A Mexican businessman accused of using political operatives to illegally donate at least $500,000 to San Diego political campaigns wanted to transform San Diego into “Miami West”, a federal prosecutor revealed on Friday.
Jose Susumo Azano, who owns a surveillance software company in Mexico and maintains a villa in Coronado, hoped that local politicians, including former Mayor Bob Filner, would help him in his quest to build up the San Diego bayfront, at the foot of Broadway.
“He wanted to develop there, and he sought political clout,” through illegal campaign donations, mostly to independent campaign committees for those candidates, the prosecutor said.
Those revelations were made during a detention hearing for a San Diego political consultant, Marco Polo Cortes, also charged in this case.
This new information is significant, because until now the U.S. Attorney’s office has not discussed Susumo Azano’s alleged motive for channeling at least $500,000 to support candidates identified as Filner, District Attorney and former mayoral candidate Bonnie Dumanis, two-time mayoral candidate Nathan Fletcher and Congressman Juan Vargas.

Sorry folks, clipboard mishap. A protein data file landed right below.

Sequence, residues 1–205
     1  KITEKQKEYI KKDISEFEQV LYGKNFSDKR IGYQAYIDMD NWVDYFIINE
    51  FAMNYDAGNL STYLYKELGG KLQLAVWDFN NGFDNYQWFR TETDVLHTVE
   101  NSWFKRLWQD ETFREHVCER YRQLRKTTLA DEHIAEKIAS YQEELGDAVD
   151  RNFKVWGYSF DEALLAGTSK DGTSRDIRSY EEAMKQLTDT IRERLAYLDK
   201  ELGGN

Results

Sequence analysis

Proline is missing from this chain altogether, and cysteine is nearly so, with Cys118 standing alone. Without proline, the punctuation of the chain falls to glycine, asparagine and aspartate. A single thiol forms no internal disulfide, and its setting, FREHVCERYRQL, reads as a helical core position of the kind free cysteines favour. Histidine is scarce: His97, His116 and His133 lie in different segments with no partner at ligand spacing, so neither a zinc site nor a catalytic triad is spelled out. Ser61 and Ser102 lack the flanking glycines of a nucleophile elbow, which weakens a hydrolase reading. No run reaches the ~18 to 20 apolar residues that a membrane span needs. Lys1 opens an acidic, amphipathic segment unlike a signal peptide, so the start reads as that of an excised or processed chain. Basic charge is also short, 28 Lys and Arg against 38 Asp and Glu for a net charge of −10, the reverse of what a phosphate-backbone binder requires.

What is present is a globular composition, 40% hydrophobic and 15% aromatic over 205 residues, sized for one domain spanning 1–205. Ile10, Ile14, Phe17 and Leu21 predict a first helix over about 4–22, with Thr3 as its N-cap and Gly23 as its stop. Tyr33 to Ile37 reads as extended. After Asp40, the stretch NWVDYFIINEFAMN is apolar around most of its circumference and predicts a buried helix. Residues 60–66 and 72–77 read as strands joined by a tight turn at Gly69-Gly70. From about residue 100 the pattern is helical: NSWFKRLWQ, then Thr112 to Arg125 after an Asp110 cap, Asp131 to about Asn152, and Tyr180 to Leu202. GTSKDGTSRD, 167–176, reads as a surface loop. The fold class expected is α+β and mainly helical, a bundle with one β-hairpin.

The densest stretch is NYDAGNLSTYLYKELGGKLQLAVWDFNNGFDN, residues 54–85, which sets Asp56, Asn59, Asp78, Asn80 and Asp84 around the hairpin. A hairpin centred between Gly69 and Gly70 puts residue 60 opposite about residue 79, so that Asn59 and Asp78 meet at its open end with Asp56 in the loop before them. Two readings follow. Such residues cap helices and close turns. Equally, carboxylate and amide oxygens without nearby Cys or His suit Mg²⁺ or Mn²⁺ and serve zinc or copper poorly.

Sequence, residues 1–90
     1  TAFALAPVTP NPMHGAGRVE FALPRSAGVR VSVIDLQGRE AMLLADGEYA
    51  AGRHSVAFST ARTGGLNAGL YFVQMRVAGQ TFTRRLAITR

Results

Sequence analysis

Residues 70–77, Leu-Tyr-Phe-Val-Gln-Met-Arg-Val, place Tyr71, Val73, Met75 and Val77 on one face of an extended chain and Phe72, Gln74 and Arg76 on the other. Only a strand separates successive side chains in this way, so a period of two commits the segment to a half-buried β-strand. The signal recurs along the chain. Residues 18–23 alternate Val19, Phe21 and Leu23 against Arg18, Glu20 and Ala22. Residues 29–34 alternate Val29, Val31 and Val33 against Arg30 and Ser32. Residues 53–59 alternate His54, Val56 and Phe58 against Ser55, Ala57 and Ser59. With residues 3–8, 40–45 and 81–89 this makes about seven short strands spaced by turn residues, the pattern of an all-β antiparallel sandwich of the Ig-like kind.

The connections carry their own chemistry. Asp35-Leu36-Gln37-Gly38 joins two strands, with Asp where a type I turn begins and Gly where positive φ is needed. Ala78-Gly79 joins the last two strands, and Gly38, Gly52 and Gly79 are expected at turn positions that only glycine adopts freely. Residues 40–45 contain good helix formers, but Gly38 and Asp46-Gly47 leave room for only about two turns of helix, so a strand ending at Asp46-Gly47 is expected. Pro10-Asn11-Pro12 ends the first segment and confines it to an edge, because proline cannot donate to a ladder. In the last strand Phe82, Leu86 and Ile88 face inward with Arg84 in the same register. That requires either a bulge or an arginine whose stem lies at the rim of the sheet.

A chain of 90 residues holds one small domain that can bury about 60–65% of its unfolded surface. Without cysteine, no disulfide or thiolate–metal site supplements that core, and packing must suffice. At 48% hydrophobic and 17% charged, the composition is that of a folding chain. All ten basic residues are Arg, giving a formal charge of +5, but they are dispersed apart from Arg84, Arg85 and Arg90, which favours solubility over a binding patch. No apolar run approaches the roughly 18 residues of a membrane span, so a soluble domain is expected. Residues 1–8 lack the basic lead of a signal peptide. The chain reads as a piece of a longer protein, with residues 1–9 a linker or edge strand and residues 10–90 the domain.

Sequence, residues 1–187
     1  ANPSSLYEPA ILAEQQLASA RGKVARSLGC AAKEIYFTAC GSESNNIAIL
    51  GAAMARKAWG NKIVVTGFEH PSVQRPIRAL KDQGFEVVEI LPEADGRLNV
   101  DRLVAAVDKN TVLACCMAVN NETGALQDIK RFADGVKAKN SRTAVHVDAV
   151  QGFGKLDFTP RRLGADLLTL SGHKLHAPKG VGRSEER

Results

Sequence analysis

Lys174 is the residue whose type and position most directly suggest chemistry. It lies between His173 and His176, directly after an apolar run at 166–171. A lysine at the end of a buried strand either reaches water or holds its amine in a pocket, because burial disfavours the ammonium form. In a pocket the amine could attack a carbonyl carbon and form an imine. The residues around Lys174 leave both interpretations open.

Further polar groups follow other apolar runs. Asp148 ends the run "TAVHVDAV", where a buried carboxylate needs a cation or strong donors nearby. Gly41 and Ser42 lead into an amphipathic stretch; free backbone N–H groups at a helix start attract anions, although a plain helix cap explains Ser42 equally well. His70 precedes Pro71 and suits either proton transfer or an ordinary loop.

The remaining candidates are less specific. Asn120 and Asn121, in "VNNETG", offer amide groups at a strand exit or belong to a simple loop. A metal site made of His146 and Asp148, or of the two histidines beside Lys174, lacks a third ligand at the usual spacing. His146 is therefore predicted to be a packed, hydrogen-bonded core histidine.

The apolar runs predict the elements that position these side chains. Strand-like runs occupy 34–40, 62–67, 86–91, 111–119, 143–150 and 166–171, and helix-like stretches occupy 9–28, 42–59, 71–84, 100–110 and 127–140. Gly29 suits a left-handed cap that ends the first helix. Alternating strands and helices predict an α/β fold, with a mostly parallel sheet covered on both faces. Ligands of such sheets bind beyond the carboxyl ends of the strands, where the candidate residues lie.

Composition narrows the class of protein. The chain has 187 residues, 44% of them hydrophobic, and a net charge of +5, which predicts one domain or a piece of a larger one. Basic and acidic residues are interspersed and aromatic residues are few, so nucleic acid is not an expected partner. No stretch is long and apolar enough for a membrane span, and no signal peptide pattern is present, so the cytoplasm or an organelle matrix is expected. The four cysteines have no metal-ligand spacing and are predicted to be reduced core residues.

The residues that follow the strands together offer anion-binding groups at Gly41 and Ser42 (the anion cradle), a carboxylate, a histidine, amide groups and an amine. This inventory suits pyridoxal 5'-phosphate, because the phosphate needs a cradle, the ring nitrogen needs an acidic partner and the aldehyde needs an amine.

According to the prosecutor, Filner, identified in court papers as “Candidate 3”, told the Mexican businessman that he didn’t have jurisdiction over the bayfront, but he would try to delay development of the Navy Broadway Complex so the businessman could take over the lease on that property.
Earlier this week, FBI agents served search warrants on Coronado properties associated with Susumo Azano.
At the Friday morning court hearing, the prosecutor said the alleged conspirators “attacked the electoral process… the most important thing in our democracy.”
The Mexican businessman has not been charged with any crime, but three men who allegedly helped him are accused of felony Conspiracy to Commit Offenses Against the United States.
Those defendants are retired San Diego police detective Ernesto Encinas, Washington, D.C.-based campaign services executive Ravneet Singh, and local government lobbyist Marco Polo Cortes.
Cortes was arrested Tuesday and is being held without bail because he allegedly refused to open his door when FBI agents served him with an arrest warrant.
The prosecutor said the agents had to call in a SWAT Team to make Cortes comply with the court-ordered warrant.
But at today’s hearing, the prosecutor said he has since learned that Cortes was on the phone with his lawyer when he refused to answer the door.
For that reason, the prosecutor said he no longer opposes Cortes’s request to be freed on bond pending trial.
U.S. Magistrate Judge William Gallo said he will consider the terms of that bond at another hearing, scheduled for Tuesday afternoon.